The set picked from the cream of material recorded by Emerson, Lake and Palmer, Asia and John Wetton as a solo artist, as well as featuring two new (?) numbers and a cover of the Jimi Hendrix/Bob Dylan classic, All Along the Watchtower.
Despite a few first night nerves, a poor monitor mix from a local soundman and the odd musical fluff, the show went smoothly, leaving the audience happy in the knowledge that they had witnessed the birth of what could become another hit making band.
If you want to skip my scene-setting waffle and skip straight to the review, click here.
Thank John Shipman for changing his plans and offering to drive both of us rather than take the train on his own. We had a good chat about our respective websites on the 6 hour drive North, as well as the usual getting to know each other type conversation.
After a brief drop in to John's folks and brother (our bed for the night, we headed into the metropolis that is the Newcastle area. John had a pretty good idea of where the Dome was, though he'd never actually been there before. It's part of a leisure area known as Spanish City overlooking the sea. The one problem we had was that initially we thought it was South of the Tyne. Not so, unfortunately. Eventually we had to consult the map and weave our way North, under the Tyne. Finding the right area was not too difficult, but finding the venue was! We asked a couple of folk (who instead of walking right past you as they would in the South of England, they came up to us before we'd even finished opening the window - friendly folk indeed} who both said. "Keep going and you can't miss it". Well, guess what, we did! Asking a third person we were directed back the way we'd just come. As soon as we began driving again we both spotted the rather obvious domed building ahead! Ah well, here we were just an hour later than planned. This shouldn't have been a problem except for the fact that we were supposed to be manning the merchandise stall for John (and everybody else as it turned out). I, apologise to anyone who wanted merchandise early in the evening - entirely our fault I'm afraid. When we did get in everything was boxed and so we had to work out what we had to sell' get some price labels together and display the goods. As soon as people had seen T-shirts appear they began drifting over - before we were fully ready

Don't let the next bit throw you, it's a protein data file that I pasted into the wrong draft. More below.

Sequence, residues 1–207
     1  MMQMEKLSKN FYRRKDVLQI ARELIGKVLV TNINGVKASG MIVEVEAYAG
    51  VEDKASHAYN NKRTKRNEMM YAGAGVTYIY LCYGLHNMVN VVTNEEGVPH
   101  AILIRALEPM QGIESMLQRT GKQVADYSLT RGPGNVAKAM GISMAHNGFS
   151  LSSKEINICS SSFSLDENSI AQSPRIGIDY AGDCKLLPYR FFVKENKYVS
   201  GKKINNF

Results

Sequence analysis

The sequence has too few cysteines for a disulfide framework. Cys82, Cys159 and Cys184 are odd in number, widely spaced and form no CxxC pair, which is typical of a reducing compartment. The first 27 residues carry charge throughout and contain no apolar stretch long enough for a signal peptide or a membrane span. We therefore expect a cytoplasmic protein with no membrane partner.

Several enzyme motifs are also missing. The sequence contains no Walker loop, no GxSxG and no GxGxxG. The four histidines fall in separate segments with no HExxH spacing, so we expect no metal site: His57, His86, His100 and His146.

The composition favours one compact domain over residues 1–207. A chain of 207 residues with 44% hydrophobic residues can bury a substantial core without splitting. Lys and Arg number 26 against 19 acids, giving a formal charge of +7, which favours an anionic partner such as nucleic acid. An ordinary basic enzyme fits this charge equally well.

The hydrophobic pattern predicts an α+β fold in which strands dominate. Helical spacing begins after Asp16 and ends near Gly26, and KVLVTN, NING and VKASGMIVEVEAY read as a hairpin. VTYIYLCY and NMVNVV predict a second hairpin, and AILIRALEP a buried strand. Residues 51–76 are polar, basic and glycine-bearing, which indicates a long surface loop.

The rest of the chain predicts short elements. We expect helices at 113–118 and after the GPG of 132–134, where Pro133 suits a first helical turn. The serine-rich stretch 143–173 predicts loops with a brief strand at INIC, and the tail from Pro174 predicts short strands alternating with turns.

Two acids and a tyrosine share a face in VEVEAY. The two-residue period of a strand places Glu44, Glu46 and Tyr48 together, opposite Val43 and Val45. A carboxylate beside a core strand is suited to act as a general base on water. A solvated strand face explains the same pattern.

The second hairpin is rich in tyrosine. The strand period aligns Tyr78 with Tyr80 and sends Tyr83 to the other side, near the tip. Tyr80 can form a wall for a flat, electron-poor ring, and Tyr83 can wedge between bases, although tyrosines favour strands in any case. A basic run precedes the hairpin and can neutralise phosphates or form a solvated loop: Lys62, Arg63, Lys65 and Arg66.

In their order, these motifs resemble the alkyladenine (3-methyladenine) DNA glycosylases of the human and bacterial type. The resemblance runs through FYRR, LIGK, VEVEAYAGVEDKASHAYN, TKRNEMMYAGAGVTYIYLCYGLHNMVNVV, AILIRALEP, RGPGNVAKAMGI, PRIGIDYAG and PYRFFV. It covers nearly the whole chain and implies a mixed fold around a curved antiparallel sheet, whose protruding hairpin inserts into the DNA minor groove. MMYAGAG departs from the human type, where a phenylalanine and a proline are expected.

Eventually we got the hang of the merchandising game and John managed to find time to take pictures of the punters for his John Young site. If you were one of those people look out for the pictures now. People who bought John's Life Underground CD that evening (and the following one at the Dome) has a limited edition cover - rushed through by John Shipman for the occasion. For other shows I recreated the sleeve in colour which is what was available at the remaining shows.
The good thing about the merchandise area at the Dome is that it was at the side of the hall, stage left, allowing us to watch the show and the merchandise at the same time. I should say that it allowed John to do that as he was nice enough to let me wander around the hall to get pictures from all angles to capture this premiere show as, fully as possible.
It was nice to meet so many friendly people at this show - especially as many of them had already purchased John's CD (though it did make our sales job harder) and were keen to find out when his next one would be available. Plenty of people wanted Wetton CD's - and many left disappointed as we only had a limited supply of titles (and only a couple of copies of most). For the rest of the tour John Wetton's merchandise was handled by Gary Carter and his girlfriend Louise bringing with them plentiful supplies of most titles, though by my next merchandising outing in Milton Keynes we were back to a similar situation but with more titles.